A KENDAL man who took a fatal overdose claimed he was being bullied by a colleague in the RAF, an inquest has heard.

Roy Johnson, 57, made the claims to medics at Westmorland General Hospital after he was admitted last year following an overdose of prescribed medication.

"He said he'd been bullied at work," said Karen Robinson, a nurse clinician at the site's Primary Care Assessment unit, where Mr Johnson was initially treated.

"He told me that he'd taken the tablets while he was driving to work.

"He said he'd pulled into a lay-by and had taken them in the hope he'd just fall asleep so someone would take him back home, and he wouldn't have to go to work."

His claims came after he had been on an extended period of leave from his job as an agitant at RAF Woodvale, Southport - the latter part of which he had concealed from his family.

The inquest, held on the anniversary of his death, heard he had initially been on sick leave between May and July, and during that time his colleagues discovered issues with his management of the squadron's accounts, an on-call allowance he had claimed for, the fact he had not paid for accommodation at the mess and whether he was correctly recording his leave.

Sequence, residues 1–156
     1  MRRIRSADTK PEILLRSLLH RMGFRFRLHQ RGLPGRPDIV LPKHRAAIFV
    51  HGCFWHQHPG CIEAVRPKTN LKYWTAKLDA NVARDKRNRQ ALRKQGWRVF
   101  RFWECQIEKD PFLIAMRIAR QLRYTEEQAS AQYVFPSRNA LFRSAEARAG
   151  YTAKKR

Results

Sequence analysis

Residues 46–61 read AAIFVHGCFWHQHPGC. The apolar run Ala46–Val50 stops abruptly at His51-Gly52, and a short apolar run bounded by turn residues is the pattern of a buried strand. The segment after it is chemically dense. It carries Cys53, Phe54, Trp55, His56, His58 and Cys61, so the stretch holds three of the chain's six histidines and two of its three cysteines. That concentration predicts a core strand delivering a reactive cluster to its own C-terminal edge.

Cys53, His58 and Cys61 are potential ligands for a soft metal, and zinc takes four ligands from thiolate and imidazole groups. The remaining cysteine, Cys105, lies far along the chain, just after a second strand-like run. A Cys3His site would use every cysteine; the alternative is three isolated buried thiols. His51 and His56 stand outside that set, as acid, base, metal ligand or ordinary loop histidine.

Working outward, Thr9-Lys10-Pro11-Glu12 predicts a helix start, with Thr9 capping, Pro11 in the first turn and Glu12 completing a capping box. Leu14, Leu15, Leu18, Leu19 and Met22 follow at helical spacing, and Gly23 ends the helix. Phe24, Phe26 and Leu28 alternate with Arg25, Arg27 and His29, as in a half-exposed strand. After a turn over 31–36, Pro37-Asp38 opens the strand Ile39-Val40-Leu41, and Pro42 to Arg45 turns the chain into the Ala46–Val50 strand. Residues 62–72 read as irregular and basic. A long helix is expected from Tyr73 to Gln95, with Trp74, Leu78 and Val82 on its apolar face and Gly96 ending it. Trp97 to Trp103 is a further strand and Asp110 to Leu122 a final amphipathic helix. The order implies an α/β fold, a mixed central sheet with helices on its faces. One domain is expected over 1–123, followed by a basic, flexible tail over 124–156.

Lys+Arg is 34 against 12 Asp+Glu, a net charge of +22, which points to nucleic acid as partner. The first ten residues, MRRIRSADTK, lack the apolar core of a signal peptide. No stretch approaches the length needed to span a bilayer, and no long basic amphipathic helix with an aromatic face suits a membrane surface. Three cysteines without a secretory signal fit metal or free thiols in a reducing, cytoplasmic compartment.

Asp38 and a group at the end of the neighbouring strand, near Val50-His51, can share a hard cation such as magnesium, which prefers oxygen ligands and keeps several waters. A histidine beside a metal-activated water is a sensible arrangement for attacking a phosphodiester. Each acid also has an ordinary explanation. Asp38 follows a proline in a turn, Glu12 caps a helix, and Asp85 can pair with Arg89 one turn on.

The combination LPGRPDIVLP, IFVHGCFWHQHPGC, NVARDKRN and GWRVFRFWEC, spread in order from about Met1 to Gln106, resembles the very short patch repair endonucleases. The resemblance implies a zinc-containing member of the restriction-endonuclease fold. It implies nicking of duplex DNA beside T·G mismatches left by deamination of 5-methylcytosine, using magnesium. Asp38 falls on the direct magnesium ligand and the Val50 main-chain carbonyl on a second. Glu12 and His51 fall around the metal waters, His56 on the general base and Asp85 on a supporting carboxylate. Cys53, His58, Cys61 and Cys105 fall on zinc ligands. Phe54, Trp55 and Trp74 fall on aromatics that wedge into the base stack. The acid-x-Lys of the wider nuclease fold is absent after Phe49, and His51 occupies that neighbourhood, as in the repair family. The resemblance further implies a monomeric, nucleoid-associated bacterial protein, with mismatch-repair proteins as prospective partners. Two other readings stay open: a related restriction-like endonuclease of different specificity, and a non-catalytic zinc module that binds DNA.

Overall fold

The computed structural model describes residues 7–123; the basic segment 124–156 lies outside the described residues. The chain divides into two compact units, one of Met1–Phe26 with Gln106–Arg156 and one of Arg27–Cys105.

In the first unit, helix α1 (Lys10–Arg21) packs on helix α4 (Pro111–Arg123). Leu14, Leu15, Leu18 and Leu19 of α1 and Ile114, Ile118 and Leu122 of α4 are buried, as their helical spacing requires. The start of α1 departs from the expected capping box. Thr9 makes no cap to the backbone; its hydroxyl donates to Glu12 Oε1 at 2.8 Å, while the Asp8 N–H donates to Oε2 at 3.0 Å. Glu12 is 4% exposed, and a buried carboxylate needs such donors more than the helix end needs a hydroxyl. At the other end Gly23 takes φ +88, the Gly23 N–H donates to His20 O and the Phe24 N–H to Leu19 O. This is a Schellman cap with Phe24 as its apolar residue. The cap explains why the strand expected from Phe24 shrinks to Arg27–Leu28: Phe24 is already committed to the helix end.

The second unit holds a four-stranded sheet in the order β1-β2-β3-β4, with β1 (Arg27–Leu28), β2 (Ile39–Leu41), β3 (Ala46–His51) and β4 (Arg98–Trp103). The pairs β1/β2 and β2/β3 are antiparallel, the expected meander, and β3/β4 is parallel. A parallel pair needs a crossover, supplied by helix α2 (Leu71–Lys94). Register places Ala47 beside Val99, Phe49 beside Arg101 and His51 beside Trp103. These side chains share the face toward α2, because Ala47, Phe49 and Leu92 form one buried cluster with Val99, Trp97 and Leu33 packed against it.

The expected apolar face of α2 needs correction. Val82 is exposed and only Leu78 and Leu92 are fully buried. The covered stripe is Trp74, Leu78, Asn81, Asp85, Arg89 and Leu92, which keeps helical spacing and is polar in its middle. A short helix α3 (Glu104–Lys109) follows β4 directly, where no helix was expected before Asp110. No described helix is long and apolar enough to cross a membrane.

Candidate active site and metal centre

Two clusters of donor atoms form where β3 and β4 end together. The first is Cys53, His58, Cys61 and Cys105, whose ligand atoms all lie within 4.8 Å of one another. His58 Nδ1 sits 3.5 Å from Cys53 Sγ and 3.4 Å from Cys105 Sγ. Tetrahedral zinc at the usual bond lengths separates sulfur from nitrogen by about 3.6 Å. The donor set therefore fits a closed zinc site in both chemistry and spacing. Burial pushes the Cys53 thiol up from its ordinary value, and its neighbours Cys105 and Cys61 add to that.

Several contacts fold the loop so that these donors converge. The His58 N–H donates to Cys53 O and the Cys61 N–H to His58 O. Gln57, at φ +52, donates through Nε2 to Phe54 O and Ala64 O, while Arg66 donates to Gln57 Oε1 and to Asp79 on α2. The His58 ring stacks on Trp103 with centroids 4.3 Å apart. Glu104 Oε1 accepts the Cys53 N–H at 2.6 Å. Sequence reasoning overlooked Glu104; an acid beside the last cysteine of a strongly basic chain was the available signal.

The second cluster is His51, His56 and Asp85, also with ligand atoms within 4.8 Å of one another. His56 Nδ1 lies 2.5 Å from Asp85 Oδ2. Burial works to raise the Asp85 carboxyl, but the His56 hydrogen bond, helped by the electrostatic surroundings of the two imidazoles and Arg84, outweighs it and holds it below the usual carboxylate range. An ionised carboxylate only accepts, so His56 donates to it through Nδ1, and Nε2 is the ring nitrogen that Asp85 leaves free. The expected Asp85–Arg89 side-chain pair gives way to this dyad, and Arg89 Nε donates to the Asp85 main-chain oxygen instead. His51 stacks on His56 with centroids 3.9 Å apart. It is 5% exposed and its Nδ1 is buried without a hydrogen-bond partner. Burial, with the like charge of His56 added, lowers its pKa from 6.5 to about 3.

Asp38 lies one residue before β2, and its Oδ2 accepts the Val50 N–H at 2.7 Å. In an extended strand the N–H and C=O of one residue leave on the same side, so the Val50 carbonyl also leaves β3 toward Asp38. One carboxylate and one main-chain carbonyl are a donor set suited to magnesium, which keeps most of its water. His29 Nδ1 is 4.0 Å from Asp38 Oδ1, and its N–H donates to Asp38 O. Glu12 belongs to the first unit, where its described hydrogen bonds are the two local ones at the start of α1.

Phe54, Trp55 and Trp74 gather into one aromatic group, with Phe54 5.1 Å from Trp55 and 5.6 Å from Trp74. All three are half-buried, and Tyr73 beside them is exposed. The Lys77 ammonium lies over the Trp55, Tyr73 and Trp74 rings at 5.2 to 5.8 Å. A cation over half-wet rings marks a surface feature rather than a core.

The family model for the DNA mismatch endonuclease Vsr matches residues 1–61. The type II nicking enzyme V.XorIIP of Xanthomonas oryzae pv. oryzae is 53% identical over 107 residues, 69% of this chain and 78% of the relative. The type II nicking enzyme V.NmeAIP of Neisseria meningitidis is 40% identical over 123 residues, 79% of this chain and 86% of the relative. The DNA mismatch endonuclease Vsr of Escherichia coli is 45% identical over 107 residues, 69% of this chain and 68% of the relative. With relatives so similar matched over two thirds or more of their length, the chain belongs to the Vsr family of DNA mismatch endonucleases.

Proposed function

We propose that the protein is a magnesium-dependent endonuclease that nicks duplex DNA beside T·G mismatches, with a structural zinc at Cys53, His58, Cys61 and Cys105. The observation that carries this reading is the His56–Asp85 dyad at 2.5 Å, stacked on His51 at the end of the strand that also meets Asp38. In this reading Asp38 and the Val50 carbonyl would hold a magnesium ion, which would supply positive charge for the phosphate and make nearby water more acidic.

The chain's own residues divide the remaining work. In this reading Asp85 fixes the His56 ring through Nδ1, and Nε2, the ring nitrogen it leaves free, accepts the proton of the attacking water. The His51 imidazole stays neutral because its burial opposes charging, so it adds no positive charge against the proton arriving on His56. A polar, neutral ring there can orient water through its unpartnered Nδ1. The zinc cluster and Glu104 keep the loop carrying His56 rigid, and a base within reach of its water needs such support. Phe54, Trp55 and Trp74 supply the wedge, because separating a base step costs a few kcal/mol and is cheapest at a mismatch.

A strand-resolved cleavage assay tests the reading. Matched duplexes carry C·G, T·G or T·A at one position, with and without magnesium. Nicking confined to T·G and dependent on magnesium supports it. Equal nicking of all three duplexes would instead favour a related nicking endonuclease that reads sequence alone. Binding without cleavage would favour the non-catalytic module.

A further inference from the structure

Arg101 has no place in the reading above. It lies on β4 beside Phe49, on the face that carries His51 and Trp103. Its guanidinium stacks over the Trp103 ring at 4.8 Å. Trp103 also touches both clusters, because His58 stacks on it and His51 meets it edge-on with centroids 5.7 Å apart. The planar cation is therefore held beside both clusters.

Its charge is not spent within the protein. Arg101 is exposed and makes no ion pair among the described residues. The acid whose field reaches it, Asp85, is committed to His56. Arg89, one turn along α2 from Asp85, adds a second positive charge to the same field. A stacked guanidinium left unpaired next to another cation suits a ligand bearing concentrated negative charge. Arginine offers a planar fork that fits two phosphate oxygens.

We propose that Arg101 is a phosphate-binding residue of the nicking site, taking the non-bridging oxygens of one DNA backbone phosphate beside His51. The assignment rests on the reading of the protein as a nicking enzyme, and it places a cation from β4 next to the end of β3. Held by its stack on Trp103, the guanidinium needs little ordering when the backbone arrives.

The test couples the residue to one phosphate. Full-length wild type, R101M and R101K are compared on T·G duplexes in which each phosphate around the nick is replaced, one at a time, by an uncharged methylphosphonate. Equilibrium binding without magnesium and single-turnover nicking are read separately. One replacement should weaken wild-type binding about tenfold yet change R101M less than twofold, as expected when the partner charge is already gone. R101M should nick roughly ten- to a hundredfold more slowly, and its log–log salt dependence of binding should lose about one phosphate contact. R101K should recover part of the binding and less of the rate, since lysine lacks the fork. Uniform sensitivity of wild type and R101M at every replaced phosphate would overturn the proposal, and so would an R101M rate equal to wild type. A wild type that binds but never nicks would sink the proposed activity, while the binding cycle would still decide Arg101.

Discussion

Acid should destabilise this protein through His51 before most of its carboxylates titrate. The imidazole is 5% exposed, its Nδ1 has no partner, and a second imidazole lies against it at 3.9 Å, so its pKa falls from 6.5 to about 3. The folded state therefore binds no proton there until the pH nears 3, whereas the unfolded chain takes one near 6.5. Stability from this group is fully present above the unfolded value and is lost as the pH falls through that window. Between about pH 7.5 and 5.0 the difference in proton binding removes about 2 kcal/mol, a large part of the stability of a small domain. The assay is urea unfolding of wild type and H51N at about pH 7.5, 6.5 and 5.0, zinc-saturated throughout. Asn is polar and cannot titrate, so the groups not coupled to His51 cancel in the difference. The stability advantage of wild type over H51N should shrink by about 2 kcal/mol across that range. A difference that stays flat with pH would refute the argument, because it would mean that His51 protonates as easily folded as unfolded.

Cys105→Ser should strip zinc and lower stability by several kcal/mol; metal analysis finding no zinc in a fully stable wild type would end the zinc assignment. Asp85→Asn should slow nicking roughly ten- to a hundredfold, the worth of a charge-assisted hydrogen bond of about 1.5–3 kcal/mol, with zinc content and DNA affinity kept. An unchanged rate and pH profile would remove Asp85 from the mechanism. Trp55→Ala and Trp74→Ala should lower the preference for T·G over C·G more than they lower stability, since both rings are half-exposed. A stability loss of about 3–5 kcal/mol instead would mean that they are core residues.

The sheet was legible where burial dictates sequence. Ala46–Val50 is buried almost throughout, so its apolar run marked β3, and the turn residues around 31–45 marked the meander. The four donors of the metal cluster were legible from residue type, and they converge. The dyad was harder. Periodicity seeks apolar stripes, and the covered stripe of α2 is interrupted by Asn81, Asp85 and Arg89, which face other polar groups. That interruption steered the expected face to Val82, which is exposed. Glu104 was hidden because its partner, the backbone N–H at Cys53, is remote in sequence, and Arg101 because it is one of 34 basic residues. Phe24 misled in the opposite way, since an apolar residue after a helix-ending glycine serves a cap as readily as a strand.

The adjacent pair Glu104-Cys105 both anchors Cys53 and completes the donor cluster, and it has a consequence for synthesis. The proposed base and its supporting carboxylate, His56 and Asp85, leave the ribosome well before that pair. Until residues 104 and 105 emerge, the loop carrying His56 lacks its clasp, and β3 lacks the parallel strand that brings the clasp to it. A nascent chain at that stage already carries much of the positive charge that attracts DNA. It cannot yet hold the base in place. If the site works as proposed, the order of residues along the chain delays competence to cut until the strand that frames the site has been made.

On July 24 he returned to work and had a meeting with his squadron leader, Nigel Edwards, about the issues raised.

“He seemed resigned," said Squadron Leader Edwards. "I think he was in a very bad place and he had the air of someone who sees something as inevitable.”

However, Mr Johnson, of Birch Yard, Stricklandgate, later told his wife, Lynn Johnson, that Squadron Leader Edwards had 'sat at his desk talking of the things he'd done wrong' - but that it wasn't worth going to HR because the squadron would 'pull rank'.

The inquest also heard Mr Johnson had not been allowed to take a 'companion' to the meeting with him.

But Squadron Leader Edwards denied bullying Mr Johnson.

"I could never put up with it in any form so to hear that I was bring accused of bullying him - I couldn't believe it," he said.

"Roy was a friend of mine. We weren't adversaries."

The following day Mr Johnson returned to work briefly, before breaking down 'weeping and sobbing'.

He was signed off work with stress on the same day.

What happened in the following weeks was a 'little hazy', said coroner, Ian Smith, although it appeared Mr Johnson's family believed he was going to work.

On September 23 his wife found him vomiting and the following day took him to Westmorland General. He was transferred to Furness General Hospital where he died of cirrhosis of the liver on September 30.

Mr Smith concluded: “Roy Johnson died from a self-administered overdose of medication when suffering from extreme stress.”